Omaha Students and Teachers Celebrate with Rural Families

This story begins with two machine shed lights. When Del Ficke was growing up on a farm outside Pleasant Dale and Kerry Hoffschneider on a farm by York, they had something in common.

“When Del and I met, we discovered we had similar fathers,” Hoffschneider said. “And, we both found out we would each wait from our bedroom windows on the farm for our fathers, the late Kenneth Ficke and my dad, Dean Heine, to come inside at night. Yes, those machine shed lights symbolized a lot for us on the farm – hard work, dedication and a commitment to family.”

It’s fitting, years later, that the Ficke Cattle Company machine shed, glowing with light under a cool, starry night in Nebraska, was the setting for a very special celebration recently. On Sept. 13, 10 students and nine teachers from the Omaha Bryan High School Urban Ag Academy traveled west of Omaha to meet some of their neighbors who care deeply about them and feeding the world.

“We just decided to make a big deal out of their visit,” Hoffschneider said. “Because these urban students are a big deal. We have to start thinking differently about the future of agriculture and feeding the world. We can’t be status quo and we must work together with our neighbors everywhere. Sometimes, we in agriculture, are our own worst enemy, and we’ve got to stop that or we’re not going to be in business anymore, at least not the way that’s beneficial to building rural communities.”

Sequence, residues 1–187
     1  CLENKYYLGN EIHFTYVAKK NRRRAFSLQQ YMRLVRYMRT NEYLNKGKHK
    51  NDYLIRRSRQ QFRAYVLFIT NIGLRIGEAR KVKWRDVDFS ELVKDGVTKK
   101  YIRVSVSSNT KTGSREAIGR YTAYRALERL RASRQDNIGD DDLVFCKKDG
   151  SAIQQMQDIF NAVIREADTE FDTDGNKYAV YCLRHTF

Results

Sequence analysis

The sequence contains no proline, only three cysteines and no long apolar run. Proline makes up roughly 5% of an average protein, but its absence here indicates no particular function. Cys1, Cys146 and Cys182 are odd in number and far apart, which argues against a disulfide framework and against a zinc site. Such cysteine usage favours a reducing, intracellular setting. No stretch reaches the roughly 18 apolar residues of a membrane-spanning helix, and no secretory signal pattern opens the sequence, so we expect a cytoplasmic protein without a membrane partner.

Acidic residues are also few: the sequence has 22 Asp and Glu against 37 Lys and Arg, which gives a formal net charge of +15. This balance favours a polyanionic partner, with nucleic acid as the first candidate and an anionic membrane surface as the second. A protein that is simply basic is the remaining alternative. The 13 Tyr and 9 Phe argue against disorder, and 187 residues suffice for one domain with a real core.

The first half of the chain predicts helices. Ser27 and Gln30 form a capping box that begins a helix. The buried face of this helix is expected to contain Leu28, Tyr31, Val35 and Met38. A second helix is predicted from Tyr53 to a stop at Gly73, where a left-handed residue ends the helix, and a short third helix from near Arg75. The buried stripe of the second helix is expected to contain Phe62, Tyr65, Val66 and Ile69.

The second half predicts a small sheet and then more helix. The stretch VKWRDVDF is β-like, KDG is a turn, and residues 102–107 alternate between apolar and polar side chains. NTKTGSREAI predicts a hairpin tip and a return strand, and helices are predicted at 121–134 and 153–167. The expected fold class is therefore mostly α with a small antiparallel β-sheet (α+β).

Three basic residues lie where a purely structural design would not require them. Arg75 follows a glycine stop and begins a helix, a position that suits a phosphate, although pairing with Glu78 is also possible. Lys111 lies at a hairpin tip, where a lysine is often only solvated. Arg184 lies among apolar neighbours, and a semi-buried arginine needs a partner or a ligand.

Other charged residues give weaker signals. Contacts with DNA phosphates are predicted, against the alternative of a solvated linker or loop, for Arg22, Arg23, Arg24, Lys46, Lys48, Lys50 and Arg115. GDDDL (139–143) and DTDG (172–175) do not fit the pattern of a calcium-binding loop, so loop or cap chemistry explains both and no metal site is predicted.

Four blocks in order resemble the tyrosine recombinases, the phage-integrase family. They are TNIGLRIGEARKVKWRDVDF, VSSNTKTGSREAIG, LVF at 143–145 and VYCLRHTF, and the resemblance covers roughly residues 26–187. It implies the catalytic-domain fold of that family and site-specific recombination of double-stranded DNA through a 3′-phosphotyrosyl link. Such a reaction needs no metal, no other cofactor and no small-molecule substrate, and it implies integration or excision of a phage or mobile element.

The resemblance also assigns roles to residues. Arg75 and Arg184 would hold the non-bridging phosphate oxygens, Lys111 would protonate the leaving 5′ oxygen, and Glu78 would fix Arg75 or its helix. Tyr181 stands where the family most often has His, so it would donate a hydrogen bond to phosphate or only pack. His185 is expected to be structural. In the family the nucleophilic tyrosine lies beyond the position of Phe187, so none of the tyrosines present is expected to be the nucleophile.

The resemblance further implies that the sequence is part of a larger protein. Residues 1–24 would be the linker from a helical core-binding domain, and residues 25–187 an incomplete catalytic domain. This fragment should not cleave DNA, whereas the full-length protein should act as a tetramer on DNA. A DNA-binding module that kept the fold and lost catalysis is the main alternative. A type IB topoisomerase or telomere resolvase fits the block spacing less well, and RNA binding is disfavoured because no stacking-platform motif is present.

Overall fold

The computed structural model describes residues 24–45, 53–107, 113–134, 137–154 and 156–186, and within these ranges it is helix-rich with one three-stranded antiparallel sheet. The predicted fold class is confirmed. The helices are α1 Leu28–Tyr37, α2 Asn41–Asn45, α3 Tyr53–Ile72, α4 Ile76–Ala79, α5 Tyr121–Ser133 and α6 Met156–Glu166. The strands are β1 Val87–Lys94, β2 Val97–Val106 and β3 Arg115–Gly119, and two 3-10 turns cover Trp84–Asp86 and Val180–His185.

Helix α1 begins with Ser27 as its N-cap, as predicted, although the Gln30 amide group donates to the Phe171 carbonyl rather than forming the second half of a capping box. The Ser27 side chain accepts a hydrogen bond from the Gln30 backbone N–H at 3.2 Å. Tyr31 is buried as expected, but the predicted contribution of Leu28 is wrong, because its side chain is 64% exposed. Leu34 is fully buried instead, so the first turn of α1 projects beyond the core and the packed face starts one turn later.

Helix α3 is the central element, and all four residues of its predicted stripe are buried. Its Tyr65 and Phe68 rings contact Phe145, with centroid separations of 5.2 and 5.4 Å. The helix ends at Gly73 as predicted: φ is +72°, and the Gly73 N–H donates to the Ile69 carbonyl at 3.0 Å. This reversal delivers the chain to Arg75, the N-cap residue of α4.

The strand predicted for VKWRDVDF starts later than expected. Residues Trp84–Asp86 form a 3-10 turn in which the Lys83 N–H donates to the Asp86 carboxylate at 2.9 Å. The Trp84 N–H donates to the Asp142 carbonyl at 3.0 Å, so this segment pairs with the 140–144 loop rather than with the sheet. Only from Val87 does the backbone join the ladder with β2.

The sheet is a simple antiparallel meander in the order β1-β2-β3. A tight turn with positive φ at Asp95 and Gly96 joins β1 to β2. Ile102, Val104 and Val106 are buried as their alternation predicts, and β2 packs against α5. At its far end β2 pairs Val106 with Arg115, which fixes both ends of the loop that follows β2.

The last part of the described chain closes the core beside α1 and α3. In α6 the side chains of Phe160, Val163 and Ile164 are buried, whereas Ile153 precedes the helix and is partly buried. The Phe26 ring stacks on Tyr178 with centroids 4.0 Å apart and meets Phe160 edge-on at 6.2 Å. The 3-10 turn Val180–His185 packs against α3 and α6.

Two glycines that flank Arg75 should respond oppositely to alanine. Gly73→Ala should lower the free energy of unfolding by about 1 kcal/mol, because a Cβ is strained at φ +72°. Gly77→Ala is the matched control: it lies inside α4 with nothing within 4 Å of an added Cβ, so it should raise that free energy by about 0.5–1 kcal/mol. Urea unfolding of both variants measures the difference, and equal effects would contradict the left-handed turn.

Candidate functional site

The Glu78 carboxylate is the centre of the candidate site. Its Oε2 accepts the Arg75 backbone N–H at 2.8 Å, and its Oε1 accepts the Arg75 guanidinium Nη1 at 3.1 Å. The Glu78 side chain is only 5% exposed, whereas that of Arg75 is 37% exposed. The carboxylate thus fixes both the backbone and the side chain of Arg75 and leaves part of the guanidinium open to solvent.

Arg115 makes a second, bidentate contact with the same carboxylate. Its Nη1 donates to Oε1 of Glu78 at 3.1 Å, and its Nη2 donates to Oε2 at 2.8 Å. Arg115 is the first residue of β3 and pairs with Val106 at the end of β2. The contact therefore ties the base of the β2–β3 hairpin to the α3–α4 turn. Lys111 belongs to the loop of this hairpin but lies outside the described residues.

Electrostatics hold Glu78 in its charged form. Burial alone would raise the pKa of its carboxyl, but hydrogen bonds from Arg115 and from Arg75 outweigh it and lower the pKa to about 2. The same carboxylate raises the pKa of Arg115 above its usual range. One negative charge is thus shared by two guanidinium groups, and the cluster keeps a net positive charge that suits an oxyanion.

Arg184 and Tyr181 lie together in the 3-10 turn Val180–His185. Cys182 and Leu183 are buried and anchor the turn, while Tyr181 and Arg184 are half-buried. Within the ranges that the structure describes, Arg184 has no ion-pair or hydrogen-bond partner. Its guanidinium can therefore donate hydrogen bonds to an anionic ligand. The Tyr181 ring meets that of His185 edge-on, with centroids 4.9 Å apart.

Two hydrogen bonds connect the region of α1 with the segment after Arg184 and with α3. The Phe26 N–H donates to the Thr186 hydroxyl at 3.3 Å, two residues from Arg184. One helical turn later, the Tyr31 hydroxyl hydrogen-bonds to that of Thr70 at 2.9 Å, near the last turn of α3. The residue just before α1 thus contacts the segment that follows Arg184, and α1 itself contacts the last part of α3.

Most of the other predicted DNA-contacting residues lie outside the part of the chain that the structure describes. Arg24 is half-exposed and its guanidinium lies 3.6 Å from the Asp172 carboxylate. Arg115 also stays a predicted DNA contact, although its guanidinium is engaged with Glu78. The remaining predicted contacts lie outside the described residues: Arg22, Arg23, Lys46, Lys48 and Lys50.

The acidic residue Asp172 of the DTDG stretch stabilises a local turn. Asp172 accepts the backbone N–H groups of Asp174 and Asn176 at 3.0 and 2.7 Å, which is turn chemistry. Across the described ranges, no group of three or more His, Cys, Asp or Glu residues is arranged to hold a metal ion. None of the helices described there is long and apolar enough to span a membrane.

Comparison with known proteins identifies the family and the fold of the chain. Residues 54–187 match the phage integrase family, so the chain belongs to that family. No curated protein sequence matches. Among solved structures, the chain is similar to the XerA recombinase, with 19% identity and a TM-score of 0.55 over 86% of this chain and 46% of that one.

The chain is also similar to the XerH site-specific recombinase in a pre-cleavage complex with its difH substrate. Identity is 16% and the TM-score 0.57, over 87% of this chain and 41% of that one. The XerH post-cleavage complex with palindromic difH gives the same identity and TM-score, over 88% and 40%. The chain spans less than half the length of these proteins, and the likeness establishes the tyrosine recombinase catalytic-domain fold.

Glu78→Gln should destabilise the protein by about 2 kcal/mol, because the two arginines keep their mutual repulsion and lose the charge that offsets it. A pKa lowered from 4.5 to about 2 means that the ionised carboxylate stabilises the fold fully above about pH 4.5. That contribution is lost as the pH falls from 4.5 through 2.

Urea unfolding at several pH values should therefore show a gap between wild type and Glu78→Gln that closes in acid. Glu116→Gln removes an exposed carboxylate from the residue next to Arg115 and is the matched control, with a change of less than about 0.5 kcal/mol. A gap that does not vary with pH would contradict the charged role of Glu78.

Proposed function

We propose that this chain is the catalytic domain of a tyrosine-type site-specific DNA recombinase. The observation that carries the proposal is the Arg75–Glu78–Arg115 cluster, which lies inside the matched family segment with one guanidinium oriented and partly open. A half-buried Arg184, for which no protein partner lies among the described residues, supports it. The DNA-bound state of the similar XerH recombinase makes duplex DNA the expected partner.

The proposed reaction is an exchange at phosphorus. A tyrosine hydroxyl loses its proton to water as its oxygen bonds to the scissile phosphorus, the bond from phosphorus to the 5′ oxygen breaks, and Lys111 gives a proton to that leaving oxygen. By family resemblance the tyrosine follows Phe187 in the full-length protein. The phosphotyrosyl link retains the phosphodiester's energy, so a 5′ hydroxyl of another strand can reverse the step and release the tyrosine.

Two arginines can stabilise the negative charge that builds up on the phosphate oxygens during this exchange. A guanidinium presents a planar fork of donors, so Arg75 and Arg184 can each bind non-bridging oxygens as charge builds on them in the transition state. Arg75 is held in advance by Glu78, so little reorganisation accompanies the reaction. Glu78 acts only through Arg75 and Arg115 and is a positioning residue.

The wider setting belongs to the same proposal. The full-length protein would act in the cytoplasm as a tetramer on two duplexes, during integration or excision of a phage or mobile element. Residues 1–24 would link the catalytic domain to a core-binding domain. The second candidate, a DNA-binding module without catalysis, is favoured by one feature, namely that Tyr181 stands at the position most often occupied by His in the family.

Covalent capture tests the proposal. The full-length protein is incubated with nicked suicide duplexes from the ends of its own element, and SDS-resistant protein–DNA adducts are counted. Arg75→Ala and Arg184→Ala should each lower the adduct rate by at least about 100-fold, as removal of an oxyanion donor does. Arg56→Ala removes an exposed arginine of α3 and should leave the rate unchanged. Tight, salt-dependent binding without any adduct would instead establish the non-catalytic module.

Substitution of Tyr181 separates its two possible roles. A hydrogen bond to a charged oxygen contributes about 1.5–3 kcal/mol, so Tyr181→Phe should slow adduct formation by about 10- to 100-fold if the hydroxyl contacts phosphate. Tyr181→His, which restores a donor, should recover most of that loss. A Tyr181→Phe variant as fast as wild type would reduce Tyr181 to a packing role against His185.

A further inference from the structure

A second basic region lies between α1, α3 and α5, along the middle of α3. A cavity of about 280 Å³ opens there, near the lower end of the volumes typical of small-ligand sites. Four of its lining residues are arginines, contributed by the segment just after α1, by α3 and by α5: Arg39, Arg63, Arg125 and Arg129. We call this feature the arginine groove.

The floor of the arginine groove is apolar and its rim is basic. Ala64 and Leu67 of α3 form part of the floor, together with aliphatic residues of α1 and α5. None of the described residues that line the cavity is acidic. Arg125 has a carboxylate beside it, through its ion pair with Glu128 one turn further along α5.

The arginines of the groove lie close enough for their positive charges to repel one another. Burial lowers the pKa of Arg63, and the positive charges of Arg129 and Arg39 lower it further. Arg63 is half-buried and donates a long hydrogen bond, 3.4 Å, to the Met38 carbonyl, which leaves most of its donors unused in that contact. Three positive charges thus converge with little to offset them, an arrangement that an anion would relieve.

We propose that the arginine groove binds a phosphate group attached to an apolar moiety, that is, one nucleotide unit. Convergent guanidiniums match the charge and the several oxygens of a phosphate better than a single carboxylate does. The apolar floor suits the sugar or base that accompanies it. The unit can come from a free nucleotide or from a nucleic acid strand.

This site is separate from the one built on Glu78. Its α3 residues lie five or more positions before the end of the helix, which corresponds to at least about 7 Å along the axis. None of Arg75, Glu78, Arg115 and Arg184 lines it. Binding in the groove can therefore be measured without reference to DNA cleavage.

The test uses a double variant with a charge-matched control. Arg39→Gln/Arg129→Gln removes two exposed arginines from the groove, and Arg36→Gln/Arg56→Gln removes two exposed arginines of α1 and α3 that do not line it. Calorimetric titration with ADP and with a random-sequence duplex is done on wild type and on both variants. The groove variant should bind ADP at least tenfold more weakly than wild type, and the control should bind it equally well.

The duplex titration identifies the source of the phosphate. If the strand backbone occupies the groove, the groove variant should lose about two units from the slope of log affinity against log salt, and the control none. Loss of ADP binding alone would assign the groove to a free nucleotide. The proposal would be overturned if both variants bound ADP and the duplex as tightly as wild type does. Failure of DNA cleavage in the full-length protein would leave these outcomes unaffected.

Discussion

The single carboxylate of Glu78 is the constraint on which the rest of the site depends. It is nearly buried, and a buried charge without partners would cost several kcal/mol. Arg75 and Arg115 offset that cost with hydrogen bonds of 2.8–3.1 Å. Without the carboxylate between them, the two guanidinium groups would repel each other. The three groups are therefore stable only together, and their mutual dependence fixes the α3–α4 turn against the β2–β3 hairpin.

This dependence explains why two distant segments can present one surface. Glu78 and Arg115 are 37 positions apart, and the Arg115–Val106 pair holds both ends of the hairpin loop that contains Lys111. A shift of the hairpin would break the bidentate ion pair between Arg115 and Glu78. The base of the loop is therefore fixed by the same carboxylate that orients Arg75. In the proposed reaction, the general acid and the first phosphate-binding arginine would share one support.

WEST OF OMAHA

The day began at DuPont Pioneer, where Darin Doerr – production location manager for their York seed facility – led the tour and exposed students to the diverse careers that exist in the seed business.

“We are producing seed here that is being planted across the globe. We need young people who have a passion for science and agriculture to come back to places like York County and use their knowledge and education at home,” Doerr said.

Triple S Farms was the next stop where students were given a peek into the pork industry.

Stuart Spader told the attentive group, “Life doesn’t stop west of Omaha. You are the future. You are so smart and have access to so many educational resources. Nebraska is a great place to live, a wonderful place, and we want you back here.”

“We need to remember livestock is a rural development opportunity,” Ficke said. “There are many ways to build community around the livestock sector if we can be open-minded. We need everyone, the best and brightest breeders in the industry, crop production in a variety of forms, the arts and information technology. If we aren’t diverse in the rural mindset and landscape, we’ll miss a very creative, healthy future that could be designed out here.”